3. On a normal day there are 100 high school girls in a 5 block radius that are dressed better than I am.

4. With a pace that is a near jog and New York-trained poker face, I come off frigid and unapproachable.

5. Parisians are, in effect, less rude than Americans/New Yorkers

There is one demographic that loves to stare at me: French women. I don’t know if it’s because they are checking out my outfit or trying to figure out where I hail from ( on certain days I am evidently UN Parisienne since I fail to adhere to the uniform that is strictly black, gray and/or dark purple during months that have an R in the name).

But for all that my New York roots has blessed me with, it has also rendered me insensitive to vowel sounds and that is something that will keep be very much StaceyL’Americaine. That is, until my Phonetique class knocks it out fo me.

À bientot,

S

La Connexion Francaise

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It’s been quite a while since I last posted, but I was really trying to avoid writing about anything that did not relate to Paris or my Parisian preparations. So, on news that does relate to my Paris-year-abroad (which is less than two months away now!):

I successfully applied for and received my Student Visa! It was much less stressful and complicated than I was anticipating. (Note to self and others: when going through bureaucratic processes such as a visa application, looking at and discussing what others in your group are doing will only cause unnecessary confusion in your life!) 

I confronted the infamous “wicked French woman” on Yelp who sits at Window No. 3 and our transaction went pretty smoothly. One week later I was back at the consulate on the Upper East side waiting alongside an actress who plays a character in Gossip Girl (what a suitable setting ?, which I took as a good omen for my trip. Within 30 minutes I was on my way out the door Visa in hand and feeling elated!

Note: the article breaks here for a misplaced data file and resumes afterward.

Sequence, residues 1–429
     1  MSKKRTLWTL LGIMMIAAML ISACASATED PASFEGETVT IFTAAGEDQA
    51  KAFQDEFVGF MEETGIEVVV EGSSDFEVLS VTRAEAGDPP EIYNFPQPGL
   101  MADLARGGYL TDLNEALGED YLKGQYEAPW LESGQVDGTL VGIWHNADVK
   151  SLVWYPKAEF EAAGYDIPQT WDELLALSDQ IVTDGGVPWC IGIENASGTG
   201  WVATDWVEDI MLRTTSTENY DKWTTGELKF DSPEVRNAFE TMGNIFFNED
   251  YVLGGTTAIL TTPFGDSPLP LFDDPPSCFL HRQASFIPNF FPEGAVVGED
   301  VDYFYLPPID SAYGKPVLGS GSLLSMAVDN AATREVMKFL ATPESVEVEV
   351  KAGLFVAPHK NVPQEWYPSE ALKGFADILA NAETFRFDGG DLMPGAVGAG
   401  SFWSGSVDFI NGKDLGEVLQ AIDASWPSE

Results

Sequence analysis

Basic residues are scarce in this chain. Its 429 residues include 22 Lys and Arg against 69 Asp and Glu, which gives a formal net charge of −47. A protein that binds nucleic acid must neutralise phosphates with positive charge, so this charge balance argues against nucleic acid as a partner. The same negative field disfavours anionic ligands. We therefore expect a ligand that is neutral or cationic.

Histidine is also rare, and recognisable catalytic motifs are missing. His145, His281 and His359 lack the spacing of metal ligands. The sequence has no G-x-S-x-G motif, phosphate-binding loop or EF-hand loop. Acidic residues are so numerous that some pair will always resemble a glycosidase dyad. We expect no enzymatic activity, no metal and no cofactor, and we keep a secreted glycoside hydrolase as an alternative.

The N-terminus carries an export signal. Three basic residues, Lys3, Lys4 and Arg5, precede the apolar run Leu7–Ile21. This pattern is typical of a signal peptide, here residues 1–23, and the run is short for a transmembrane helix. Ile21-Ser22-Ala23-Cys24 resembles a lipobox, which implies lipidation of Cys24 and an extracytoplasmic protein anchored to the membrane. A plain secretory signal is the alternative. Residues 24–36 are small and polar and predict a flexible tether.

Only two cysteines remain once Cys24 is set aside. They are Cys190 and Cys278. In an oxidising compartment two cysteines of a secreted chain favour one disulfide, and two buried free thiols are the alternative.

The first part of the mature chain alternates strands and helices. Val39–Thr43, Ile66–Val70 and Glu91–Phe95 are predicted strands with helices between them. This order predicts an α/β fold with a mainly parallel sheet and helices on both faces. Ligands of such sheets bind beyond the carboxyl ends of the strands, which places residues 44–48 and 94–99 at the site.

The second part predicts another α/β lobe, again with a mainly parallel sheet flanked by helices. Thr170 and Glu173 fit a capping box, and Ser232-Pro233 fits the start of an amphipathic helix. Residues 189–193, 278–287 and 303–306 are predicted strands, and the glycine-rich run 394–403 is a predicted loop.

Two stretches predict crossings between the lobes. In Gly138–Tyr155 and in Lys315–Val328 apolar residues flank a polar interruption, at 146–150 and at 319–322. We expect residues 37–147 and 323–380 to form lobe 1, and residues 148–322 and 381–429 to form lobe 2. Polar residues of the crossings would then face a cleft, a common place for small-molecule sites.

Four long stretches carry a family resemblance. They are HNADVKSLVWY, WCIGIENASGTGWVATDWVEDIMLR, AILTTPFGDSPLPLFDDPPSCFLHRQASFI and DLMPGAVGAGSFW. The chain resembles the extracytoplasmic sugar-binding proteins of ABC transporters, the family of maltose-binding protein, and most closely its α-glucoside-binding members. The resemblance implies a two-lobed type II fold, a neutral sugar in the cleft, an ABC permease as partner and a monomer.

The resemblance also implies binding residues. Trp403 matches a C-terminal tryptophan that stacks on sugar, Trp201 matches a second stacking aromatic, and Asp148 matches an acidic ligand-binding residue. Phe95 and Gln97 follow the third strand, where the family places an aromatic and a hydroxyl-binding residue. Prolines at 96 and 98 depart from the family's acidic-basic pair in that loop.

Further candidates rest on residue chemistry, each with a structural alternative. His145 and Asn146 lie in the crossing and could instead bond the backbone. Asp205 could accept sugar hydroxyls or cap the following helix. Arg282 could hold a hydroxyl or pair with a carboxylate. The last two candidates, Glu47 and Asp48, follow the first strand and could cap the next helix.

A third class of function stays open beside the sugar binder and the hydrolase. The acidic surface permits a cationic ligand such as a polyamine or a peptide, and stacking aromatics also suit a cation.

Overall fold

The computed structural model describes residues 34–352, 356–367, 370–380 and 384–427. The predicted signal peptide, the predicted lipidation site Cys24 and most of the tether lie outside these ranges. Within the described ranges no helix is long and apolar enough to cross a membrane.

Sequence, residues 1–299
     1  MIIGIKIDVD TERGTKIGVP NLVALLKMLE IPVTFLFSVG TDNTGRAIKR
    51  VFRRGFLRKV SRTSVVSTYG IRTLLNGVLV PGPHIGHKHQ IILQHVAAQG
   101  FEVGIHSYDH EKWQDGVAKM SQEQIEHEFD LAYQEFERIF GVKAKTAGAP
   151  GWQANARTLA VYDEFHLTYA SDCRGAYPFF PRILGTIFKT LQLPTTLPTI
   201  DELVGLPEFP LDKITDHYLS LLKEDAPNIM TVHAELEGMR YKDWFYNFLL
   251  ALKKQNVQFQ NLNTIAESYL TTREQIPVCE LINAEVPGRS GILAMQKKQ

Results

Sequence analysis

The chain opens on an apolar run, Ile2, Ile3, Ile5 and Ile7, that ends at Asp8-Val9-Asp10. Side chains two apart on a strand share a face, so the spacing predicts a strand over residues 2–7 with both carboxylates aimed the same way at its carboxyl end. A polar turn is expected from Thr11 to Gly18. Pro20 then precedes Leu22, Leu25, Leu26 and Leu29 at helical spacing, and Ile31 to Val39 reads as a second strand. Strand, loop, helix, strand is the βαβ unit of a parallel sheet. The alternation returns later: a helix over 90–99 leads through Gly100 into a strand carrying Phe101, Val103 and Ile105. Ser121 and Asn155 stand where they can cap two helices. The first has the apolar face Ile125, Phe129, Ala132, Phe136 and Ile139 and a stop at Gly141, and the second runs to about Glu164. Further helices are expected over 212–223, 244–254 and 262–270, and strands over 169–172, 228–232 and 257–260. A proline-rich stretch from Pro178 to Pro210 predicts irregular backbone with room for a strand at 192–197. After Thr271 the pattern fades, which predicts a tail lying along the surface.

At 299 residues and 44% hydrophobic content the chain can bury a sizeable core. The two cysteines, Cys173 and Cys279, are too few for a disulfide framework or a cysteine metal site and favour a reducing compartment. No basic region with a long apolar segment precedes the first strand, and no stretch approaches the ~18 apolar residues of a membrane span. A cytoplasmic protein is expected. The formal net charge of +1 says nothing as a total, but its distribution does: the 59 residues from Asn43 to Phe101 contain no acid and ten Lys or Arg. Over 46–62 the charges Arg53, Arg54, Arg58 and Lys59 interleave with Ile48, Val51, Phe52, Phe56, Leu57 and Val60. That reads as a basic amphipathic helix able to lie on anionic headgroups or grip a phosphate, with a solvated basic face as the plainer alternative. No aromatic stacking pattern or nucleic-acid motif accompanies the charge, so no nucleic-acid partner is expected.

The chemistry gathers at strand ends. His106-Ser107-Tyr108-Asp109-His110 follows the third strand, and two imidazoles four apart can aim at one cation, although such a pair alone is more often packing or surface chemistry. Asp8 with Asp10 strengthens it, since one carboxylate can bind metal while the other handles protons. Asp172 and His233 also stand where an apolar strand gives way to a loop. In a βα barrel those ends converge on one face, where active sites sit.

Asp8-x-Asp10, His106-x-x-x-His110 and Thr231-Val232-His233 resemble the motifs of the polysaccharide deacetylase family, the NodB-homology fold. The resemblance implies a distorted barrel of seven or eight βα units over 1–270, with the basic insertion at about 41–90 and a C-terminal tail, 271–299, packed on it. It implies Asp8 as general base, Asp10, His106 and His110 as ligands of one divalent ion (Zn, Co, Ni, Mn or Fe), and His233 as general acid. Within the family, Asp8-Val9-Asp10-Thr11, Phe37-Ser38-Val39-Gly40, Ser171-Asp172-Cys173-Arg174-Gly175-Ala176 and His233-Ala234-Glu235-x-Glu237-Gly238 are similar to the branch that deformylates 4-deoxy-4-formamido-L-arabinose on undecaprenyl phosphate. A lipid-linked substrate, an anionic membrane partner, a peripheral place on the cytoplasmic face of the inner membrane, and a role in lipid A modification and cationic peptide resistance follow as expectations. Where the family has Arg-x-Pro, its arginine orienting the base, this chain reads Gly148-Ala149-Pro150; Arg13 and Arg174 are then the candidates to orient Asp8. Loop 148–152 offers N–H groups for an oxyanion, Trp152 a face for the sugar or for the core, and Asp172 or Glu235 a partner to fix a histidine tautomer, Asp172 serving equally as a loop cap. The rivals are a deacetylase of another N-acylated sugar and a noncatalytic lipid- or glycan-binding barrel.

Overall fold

Since then, my summer has been pretty bland. I bought my luggage- a two piece set in a cherry red color. I knew I was committing a textbook mistake while I purchased them but I couldn’t resist. I know that it’s more likely to have your luggage stolen if it looks expensive and is not the standard black color.  This tips off thieves that its contents will probably be worthy of stealing. But since I’ve never had my very own luggage before, I was willing to take the risk. Plus, I can take other preventative measures and buy this new product that looks like luggage i.d. tags but it actually enables you to track your luggage.  

Now my two piece set is sitting in my room, begging to be filled with my clothes, shoes and toiletries, but I’ll wait at least until the beginning of August to start packing.

 

The last thing to note is that it appears to be that New York City is becoming more French. Now, I know that the truth is that since taking French in Fall 2010 I am just more aware to people speaking French, French stores, French restaurants and French products when I walk around the city. I am merely the victim of confirmation bias and selective thinking (or is NYC really becoming more French-influenced?).

I was walking downtown…A Vespa and a French restaurant  

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I was walking over the Brooklyn Bridge… Lovers proclaiming their everlasting (or 6 month long) love  through locks. What do they think this is, the Pont des Arts ??

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Until next time.

XX,

S.

The Best Thing about a trip to Paris is Iceland

Just kidding.

But on a serious note: I just booked my flight to Paris for this August! As soon as I got my confirmation my going to Paris suddenly felt real again. Sometimes, at weeks at a time, even though I continue to research and read about Paris in order to prepare myself, I don’t give myself time to really wrap my head around the fact that I’ll be in Paris in 4 months for a year long journey. I think it’s because I have so much to do in order to finish up this spring semester that I know I can’t let myself get emotionally/mentally distracted. Or maybe it’s because if I actually gave myself time to think about it I would begin to freak out and concentrate on how unprepared I am.

Whatever the reason is, I haven’t been obsessing about my year abroad like I thought I would at this point in time. I am busy with the Visa process, making spreadsheets on Excel of places to visit and buying my “Paris sandals” or my “Paris converter-adapter” but I haven’t really enjoyed many moments of “ahhhh… I made it! I’m going to Paris” I’m sure that will come in time.

Speaking of time and the changes that come with it… I’m going to Paris ?? Contrary to many of the girls in this program, going to Paris has not been a life long, calculated dream. Although I’m sure that I have fantasized of traveling and  visiting Paris, I had always been perfectly content with living in NYC. Plus, never would I have dreamt of being able to speak French (sort of) and actually integrating myself into the French culture. I never imagined myself to be more than a tourist in a city like Paris. I will never be a Parisienne, bien sur, and I’m fine with that. However, I fully expect to participate during my year abroad.